Eczema – Causes and treatment


What is Eczema?   

Eczema is also referred to as atopic dermatitis. Eczema is a medical condition in which the skin or patches of the skin become red, itchy and irritated. Eczema damages the skin and its barrier function, causing the skin to be more sensitive to harmful infections and diseases. It is common in people of all age groups.   

There is no need to worry about Eczema because it is not contagious. Of all dermatitis, Atopic dermatitis is regarded as the most common dermatitis.  

What are the types of Eczema?

Each Eczema differs in symptoms and causes. The following are the types of Eczema.

  • Contact Eczema is characterised by a rash or itchy sensation in the skin. An irritating or allergic reaction of the skin triggers the condition.   
  • Discoid Eczema is a long-term condition that causes oval or coin-shaped patches on the skin. The causes of Discoid Eczema is unclear but found common in people with dry skin.
  • Varicose Eczema, also known as Stasis Eczema, is common in people with Varicose veins. Increased blood pressure in the leg results in Varicose Eczema. It mostly develops in the legs.  
  • Asteatotic Eczema or Xerotic Eczema develops because of dry, cracked or itchy skin. The water loss in the stratum corneum caused by the breakdown of the skin barrier is the major reason for Asteatotic Eczema.  
  • Dyshidrotic Eczema is characterized by sudden itchy, little bumps or blisters on the palm and fingers. Allergy, infection, etc., can act as a triggering agent.

What are the causes of eczema?   

The cause of Eczema is quite unclear. However, studies believe a single health condition does not cause Eczema. Eczema is a reaction to multiple health conditions. It is believed that the interplay of overactive immune systems and environmental factors trigger the condition.  

Eczema can run in families and may develop eventually. Eczema affects or reduces the skin’s lipid barrier, promoting water loss and causing dry skin. People with a history of Asthma and Hay fever have a high risk of developing Eczema.

The multiple factors that cause Eczema in adults and children include the following.

  • Climate change   
  • Some food that causes allergies
  • Genetic factors   
  • Immune systems dysfunction   
  • Pollution   
  • Infection

What are the symptoms of Eczema?   

Eczema symptoms can vary from person to person. Age, health complications and severity of the disease are the factors that determine the severity of the symptoms. You may experience redness on the surface of the skin and an itchy or irritating sensation.   

The following are the common symptoms of Eczema:   

  • Dry skin   
  • Itchy or irritating sensation   
  • Change in colour of the skin (red to brown)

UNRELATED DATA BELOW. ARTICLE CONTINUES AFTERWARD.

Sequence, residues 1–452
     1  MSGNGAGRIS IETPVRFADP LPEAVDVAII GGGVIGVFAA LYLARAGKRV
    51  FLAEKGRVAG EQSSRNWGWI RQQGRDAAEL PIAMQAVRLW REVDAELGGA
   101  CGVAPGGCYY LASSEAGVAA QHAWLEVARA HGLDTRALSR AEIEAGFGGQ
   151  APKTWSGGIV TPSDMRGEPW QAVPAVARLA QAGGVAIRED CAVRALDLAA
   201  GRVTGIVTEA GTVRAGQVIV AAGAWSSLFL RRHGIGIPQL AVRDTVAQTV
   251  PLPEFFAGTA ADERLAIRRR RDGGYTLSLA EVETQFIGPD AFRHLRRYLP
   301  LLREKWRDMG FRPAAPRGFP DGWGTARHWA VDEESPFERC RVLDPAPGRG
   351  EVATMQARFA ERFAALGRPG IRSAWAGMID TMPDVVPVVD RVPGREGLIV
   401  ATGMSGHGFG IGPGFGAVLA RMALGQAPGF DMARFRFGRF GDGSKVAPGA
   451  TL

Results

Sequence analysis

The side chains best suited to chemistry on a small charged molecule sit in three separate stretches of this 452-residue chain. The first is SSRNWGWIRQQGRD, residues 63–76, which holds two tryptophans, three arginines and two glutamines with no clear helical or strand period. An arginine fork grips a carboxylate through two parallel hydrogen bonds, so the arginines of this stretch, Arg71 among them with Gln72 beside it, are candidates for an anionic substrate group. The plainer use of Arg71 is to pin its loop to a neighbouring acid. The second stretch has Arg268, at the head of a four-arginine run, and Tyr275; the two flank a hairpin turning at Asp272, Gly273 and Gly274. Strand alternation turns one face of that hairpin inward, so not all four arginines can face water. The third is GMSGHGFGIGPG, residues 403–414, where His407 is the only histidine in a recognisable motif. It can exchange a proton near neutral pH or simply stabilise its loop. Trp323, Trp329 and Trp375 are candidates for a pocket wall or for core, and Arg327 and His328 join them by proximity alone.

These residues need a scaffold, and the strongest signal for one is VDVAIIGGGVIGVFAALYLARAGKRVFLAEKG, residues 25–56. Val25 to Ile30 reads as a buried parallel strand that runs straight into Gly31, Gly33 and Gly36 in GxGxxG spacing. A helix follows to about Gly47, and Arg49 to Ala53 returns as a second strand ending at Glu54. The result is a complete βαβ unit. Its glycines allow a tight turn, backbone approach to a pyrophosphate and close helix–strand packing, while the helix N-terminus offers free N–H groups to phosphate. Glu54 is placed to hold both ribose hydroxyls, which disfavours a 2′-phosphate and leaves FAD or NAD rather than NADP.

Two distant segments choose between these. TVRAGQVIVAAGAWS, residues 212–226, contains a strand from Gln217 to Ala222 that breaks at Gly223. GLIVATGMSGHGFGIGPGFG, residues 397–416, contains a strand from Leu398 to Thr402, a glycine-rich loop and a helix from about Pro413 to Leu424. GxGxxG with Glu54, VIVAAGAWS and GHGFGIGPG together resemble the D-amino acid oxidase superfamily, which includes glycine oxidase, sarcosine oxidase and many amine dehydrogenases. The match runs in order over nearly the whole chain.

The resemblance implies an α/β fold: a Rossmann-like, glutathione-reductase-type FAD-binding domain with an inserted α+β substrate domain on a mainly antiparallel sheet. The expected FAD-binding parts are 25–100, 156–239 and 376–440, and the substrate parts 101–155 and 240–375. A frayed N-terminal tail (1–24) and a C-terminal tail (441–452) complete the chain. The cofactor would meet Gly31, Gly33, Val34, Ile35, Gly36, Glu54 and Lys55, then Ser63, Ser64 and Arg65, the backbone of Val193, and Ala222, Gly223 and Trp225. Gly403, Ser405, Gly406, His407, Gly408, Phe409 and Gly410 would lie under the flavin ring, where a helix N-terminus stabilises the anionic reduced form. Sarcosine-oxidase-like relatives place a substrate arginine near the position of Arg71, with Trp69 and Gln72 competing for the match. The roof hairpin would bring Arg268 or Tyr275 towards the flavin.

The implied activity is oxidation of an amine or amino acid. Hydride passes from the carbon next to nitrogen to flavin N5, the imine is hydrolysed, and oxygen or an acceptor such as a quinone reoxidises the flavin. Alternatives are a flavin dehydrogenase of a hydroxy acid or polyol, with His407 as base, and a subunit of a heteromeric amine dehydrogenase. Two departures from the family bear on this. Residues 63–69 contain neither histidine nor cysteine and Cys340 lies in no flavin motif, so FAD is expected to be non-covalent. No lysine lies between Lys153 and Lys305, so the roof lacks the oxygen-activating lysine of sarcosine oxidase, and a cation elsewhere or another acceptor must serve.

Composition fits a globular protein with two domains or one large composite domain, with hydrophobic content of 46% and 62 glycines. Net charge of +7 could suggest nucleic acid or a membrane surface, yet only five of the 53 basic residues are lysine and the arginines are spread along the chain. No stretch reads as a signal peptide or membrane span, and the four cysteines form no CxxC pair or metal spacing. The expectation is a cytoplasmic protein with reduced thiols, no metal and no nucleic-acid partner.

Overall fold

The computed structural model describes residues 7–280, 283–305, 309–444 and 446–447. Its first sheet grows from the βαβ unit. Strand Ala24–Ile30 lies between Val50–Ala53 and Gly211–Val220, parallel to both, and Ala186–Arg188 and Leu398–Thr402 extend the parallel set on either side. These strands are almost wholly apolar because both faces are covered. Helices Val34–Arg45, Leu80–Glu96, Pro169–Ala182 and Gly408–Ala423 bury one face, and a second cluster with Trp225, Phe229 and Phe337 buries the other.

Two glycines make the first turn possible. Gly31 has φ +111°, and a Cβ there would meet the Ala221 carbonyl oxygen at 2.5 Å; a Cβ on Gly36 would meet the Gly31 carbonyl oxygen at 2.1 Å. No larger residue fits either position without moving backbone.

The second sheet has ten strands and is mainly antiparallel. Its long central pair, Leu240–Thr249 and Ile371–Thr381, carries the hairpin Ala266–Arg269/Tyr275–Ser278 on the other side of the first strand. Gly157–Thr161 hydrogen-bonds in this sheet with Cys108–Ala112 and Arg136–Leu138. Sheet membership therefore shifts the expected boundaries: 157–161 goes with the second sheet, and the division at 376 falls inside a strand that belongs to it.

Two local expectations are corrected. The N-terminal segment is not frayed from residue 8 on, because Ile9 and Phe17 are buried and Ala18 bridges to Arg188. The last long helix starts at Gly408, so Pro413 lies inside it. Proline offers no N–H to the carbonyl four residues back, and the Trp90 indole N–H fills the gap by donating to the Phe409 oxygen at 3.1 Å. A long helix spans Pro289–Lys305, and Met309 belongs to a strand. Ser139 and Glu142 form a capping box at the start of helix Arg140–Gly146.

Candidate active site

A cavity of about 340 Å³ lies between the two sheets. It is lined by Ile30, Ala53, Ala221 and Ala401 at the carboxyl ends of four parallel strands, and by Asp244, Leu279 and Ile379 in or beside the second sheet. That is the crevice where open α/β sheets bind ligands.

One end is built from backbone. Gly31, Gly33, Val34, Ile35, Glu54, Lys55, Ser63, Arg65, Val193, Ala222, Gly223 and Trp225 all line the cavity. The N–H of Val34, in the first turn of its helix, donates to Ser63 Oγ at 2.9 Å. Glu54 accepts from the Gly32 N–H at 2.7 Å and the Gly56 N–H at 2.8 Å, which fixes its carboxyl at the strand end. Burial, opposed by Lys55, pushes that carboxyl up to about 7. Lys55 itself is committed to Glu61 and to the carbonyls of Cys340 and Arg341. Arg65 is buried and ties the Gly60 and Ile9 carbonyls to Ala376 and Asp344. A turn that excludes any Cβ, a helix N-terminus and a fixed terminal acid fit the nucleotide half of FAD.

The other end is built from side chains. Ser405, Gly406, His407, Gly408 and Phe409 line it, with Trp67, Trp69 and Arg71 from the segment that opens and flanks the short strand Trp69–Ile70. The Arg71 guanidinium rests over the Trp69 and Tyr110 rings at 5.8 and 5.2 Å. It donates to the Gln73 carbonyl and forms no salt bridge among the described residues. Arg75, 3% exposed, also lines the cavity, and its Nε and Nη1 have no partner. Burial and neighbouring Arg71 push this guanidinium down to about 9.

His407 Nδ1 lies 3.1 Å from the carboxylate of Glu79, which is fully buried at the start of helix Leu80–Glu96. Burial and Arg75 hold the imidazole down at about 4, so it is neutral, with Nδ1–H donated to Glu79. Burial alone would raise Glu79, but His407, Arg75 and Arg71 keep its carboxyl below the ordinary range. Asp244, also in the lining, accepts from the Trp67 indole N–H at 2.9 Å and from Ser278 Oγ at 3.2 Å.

• Bumps on the skin   
  • Inflamed skin   
  • Rashes   
  • Crusts or scabs   
  • Skin infections   

Children with Eczema have dry and scaly skin.   

How is Eczema diagnosed?   

The diagnosis process starts with consulting a doctor and talking about the signs and symptoms, followed by the physical examination of the affected area.   

Eczema can be diagnosed by examining visible and felt changes in the body and skin. There is no specific test to diagnose Eczema; however, in concern to the health condition, the doctor will need the help of other tests such as blood tests and so on to check for allergies.   

How to cure Eczema?   

There is no permanent cure for Eczema. Treatments aim to prevent the spread of rashes and to ease itchy and irritating sensations. The treatments will be planned by the doctor, considering the age, severity of diseases and the current health condition of the affected individual.   

The treatment includes the cream that helps to control the itchiness, follow it as prescribed by the doctor. Along with cream and ointments, certain antibiotics are added if the skin is affected by bacterial infection.  

In some people, Eczema persists throughout their lives, while in others, it disappears over time.  

Following are some of the home care treatments to cure Eczema:   

  • Lukewarm water bath   
  • Try to avoid food that causes allergies   
  • Moisturize the skin   
  • Avoid the factor that triggers skin allergies   


Consulting a doctor is always the best way to reduce the risk of developing more health complications.  

As they say, prevention is better than cure. Know yourself in the first place, analyse the factors that trigger the allergy and drink plenty of water to avoid dehydration. The little step you take may contribute to your health in better ways.  

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